We are working with vaccine developers to produce small volumes of candidate vaccines to the highest quality standards, for use in trials. If successful, our manufacturing process can be scaled with an industry partner.

Professor George Lovrecz and Mylinh La at CSIRO's manufacturing facility for a pilot coronavirus vaccine in Clayton, Melbourne. Credit: Scott McNaughton  ©Scott McNaughton. Courtesy The Age

Scientists at our state-of-the-art biologics production facility in Melbourne have begun to produce and scale-up The University of Queensland’s (UQ) vaccine candidate for COVID-19, which is a specially designed protein.

This facility is part of the National Biologics Facility, with nodes also located at UQ and University of Technology Sydney and funded under the National Collaborative Research Infrastructure Strategy scheme, administered by Therapeutic Innovation Australia.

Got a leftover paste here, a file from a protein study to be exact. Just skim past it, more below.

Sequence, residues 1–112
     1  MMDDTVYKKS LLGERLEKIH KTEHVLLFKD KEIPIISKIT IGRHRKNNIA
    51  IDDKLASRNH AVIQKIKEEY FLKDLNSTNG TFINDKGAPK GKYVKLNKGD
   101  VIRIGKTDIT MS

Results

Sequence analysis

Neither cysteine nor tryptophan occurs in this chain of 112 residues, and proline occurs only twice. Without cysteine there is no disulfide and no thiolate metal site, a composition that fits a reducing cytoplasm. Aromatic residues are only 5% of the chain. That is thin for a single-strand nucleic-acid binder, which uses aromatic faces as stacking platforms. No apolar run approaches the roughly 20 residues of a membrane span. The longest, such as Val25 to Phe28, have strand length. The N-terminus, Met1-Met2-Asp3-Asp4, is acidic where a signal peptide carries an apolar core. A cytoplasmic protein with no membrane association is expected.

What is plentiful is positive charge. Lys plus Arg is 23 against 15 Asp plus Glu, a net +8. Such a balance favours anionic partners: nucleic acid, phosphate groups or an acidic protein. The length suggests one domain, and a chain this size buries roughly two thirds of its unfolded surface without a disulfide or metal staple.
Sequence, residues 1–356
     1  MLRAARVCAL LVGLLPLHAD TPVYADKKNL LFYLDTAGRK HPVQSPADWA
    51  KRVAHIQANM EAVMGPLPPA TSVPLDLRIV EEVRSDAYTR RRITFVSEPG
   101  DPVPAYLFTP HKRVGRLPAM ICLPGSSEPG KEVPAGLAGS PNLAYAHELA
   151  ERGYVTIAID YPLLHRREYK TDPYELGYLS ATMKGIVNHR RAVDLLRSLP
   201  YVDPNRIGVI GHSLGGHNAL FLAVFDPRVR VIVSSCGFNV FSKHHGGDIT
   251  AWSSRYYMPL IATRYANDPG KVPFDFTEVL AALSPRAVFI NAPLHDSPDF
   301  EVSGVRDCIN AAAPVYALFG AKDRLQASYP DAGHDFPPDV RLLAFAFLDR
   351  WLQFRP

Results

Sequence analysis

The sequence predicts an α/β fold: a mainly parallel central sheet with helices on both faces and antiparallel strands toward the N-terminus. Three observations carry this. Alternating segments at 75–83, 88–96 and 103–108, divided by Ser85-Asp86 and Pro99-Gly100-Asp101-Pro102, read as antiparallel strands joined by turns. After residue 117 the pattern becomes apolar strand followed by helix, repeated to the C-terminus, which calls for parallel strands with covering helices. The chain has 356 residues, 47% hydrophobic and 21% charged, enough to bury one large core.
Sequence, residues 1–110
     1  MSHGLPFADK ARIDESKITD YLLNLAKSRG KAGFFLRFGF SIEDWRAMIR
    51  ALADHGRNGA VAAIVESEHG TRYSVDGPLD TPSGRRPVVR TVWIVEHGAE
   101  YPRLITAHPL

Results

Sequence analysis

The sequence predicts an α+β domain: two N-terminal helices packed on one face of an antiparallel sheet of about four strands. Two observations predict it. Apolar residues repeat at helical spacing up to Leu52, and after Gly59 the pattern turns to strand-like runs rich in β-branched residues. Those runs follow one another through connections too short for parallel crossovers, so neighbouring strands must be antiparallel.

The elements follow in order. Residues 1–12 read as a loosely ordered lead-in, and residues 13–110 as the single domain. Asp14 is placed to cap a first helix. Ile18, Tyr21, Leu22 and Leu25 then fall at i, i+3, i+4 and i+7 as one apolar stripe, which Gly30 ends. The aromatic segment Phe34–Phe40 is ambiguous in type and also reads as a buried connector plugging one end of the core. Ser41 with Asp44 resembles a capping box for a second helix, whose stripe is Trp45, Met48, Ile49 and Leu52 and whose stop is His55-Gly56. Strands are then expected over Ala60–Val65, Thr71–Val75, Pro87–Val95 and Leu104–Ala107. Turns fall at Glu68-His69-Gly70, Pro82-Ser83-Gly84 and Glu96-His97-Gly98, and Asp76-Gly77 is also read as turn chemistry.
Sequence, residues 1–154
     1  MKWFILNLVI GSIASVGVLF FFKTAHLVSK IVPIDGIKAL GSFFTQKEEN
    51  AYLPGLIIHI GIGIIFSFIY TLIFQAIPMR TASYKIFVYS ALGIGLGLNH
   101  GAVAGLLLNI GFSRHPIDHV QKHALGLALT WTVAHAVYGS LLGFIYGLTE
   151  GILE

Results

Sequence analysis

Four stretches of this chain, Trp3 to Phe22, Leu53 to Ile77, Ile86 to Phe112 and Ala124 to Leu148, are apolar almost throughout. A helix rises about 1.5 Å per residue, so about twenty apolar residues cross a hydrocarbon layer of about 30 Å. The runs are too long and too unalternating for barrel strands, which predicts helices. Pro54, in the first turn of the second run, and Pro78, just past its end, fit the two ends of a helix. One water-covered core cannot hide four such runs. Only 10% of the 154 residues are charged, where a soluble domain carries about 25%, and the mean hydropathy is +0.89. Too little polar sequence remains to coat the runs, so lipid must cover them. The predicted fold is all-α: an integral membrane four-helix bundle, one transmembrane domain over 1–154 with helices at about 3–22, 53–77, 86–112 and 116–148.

Working with bioengineered mammalian cells, our fermentation biology team produces and scales-up vaccines – from the laboratory to pilot-scale – in line with best practice manufacturing standards.

Our scientists have initially focused on a medium-scale (20 litres) production of COVID-19 vaccine candidate for toxicology studies and testing by UQ.

In order to fast track development of a vaccine for COVID-19, our team is concurrently scaling up the vaccine candidate to 50 litres for potential use in potential clinical trials. We are also using specialist methods to purify the vaccine candidate co-developed with UQ, to ensure the highest levels of safety.

Fifty litres may equate to about 20,000 vaccine doses, which will be more than enough for phase-I clinical trials and the associated testing.

Our team will then produce the vaccine candidate within our specialist facilities using equipment and processes that are similar to what would be used for future large-scale production for industry.

UQ's COVID-19 vaccine development is being undertaken with support from the Coalition for Epidemic Preparedness Innovations (CEPI), and has also received funding from the Federal and Queensland governments. We are pleased to support UQ with our scale-up and manufacture of its antigens. 

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